- McCutcheon v. Federal Election Commission Opinion (U.S. Supreme Court)
- Everything You Need to Know about McCutcheon v. FEC (Washington Post)
- Legal Experts React to Supreme Court’s Campaign-Finance Ruling (Wall Street Journal)
- Supreme Court Strikes Down Aggregate Limits on Federal Campaign Contributions (New York Times)
For more information about today's McCutcheon v. FEC Decision, try the following resources:
For more information about Soloman Northup and "12 Years a Slave," try the following resources:
For more information about the crisis in Ukraine, try the following resources:
The Choices Program out of Brown University has put together a Teaching with the News lesson the Unrest in Ukraine. In it, students are challenged to research the issue from a variety of perspectives and then consider the challenges facing the international community.
The New York Times' Learning Network has also developed a lesson about Kiev in Chaos. In it, students use a variety of resources from the New York Times to answer a series of questions about the crisis. The lesson has been updated (3/4) to include the latest developments in the region.
Several weeks ago, I tweeted that I was interested in building a #ushistchat community...
And while others expressed interest, we all seemed to be in the same boat regarding time and our evening schedules. However, thanks to a brilliantly simple suggestion from Evan Clapsaddle, #ushistchat is now a go. Here's how it will work...
Each week, we will address a specific topic or theme. Details will be tweeted and retweeted every Monday using the hashtags #ushistchat #archive. To participate, simply jump into the conversation whenever it is most convenient for you. At the end of the week, I will collect and publish all of our thoughts via Storify. I will maintain an archive of our chats on this post, so please consider bookmarking it for future reference.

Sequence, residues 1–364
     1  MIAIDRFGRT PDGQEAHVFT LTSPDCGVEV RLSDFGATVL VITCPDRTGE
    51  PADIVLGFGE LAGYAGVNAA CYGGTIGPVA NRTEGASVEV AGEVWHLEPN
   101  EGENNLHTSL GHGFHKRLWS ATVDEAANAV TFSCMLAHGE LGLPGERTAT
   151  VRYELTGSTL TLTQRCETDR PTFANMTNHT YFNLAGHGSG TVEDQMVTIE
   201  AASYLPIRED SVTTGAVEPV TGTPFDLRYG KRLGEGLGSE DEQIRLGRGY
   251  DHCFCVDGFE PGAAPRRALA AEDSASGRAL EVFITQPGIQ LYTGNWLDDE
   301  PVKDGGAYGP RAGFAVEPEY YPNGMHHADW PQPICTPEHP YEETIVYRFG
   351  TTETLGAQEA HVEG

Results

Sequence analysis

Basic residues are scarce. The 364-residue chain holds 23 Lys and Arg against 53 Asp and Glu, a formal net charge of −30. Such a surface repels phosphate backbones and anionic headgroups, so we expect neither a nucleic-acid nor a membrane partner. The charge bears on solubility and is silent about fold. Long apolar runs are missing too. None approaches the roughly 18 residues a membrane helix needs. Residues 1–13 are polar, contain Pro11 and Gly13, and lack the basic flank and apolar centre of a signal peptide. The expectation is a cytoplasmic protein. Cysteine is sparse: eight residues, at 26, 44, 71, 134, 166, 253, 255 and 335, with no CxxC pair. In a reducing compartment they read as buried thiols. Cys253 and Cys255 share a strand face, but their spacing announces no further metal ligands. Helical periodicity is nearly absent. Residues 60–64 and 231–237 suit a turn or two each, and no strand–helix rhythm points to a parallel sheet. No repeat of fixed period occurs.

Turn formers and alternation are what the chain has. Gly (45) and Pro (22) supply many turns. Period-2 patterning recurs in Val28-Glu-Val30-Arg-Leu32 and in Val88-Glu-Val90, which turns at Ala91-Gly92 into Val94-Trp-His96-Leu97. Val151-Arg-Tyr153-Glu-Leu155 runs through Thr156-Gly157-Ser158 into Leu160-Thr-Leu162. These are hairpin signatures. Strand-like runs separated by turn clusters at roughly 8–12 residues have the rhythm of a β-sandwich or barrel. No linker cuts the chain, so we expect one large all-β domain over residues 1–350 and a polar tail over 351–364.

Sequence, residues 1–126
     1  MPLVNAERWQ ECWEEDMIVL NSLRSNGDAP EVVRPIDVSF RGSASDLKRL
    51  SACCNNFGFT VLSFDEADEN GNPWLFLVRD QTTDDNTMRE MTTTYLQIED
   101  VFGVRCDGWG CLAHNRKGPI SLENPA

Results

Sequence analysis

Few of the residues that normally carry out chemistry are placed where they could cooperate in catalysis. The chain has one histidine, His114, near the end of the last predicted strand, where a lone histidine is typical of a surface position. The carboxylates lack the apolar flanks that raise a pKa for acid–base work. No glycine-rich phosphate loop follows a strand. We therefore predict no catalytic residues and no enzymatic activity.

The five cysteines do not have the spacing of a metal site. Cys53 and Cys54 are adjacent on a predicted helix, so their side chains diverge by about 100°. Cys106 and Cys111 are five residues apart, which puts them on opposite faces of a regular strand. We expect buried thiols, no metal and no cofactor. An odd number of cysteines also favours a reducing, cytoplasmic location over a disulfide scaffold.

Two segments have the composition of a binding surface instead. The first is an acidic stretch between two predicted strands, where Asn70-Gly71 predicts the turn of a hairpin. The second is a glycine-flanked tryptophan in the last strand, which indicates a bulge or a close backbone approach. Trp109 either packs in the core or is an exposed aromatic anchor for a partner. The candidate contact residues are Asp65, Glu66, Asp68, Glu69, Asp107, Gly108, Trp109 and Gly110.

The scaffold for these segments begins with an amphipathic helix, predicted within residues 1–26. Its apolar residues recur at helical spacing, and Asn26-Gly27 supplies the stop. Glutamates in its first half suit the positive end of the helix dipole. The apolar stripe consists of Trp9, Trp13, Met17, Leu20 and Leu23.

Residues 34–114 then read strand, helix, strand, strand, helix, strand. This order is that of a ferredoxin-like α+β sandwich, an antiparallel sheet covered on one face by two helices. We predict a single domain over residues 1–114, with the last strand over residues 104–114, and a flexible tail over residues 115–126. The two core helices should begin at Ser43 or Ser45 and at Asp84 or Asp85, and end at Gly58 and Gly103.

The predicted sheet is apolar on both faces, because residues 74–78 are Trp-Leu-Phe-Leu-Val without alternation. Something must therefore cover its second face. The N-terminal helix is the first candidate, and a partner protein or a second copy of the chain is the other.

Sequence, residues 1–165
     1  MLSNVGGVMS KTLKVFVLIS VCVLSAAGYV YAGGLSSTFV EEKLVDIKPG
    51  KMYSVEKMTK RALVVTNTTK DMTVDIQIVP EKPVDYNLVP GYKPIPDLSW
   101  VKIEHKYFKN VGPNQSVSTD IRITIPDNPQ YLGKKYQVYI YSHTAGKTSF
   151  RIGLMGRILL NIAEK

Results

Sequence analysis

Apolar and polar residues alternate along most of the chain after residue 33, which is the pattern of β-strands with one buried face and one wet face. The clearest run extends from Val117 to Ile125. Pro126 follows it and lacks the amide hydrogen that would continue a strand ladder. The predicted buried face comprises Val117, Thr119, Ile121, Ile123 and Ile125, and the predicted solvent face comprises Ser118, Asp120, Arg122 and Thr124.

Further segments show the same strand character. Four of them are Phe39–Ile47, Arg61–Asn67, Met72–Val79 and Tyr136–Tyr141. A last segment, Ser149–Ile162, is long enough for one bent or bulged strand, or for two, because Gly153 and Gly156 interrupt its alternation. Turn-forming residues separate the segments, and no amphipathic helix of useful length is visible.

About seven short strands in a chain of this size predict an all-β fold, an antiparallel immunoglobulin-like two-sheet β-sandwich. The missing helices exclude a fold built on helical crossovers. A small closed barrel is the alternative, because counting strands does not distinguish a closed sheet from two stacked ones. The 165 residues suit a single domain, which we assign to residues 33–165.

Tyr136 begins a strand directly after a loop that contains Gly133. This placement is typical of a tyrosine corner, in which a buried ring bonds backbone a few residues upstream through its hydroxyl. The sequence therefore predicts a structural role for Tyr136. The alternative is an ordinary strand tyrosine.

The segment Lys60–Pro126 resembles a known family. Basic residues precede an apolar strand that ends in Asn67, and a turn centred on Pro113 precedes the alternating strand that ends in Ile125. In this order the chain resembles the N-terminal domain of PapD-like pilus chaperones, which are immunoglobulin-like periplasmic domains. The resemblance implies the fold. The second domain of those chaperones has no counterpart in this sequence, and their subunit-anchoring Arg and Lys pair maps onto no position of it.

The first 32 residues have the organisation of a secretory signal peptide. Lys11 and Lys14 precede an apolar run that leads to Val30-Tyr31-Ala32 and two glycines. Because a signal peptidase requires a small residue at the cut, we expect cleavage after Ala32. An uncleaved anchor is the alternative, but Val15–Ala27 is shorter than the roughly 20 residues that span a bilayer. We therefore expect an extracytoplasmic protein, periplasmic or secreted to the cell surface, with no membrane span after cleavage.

Have a suggestion for a future topic or theme? Add it to the comments of this post.
Want to share a resource or tool? Use the hashtags #ushistchat #share, and I'll build a database.
Write a blog post about your US History classroom? Use the hashtags #ushistchat #blog, and I'll collect those too.
Today marks the anniversary of the Emancipation Proclamation, an executive order issued by President Abraham Lincoln ending slavery in the rebelling states. The act signaled an important shift in the Union's Civil War aims, expanding the goal of the war from preservation of the Union to include the eradication of slavery.
I've just updated the resources in the Emancipation Proclamation post.
All of my posts about the Civil War can be found here.
I shared this parody of the popular "What Does the Fox Say?" video with my students back in November, but I decided I should add it here too - just in case anyone missed it. It was created by Mr. Betts, an educator from New York who is building quite a video library on his YouTube channel. Be sure to check it out in order to get a transcript of the John Locke video and see his other works - including George Washington's take on Lorde's "Royals."
In their Room for Debate series, the New York Times invites experts on both sides of the aisle to discuss news events and other important issues. Each entry provides a bit a background information followed by a series of open-ended, thought-provoking questions along with 4-6 short responses what the site labels as "knowledgeable contributors." This layout is ideal for an AP US Government class as it forces students to consider multiple perspectives before drawing their own conclusions. It also provides a blueprint for how a teacher might go about setting up a similar debate in her own classroom...something I think I am going to try after the Holidays.
Below I have collected some of my favorite Room for Debate entries, organized according to the units I use in my AP US Government class. Then I threw in a few "bonus" entries that would work well in an AP US History class.
My name is Angela Zorn. I work full-time as an educator at Bullitt Central High School in suburban Kentucky where I teach AP US History and AP US Government & Politics. In addition, I provide training & consulting services throughout the United States.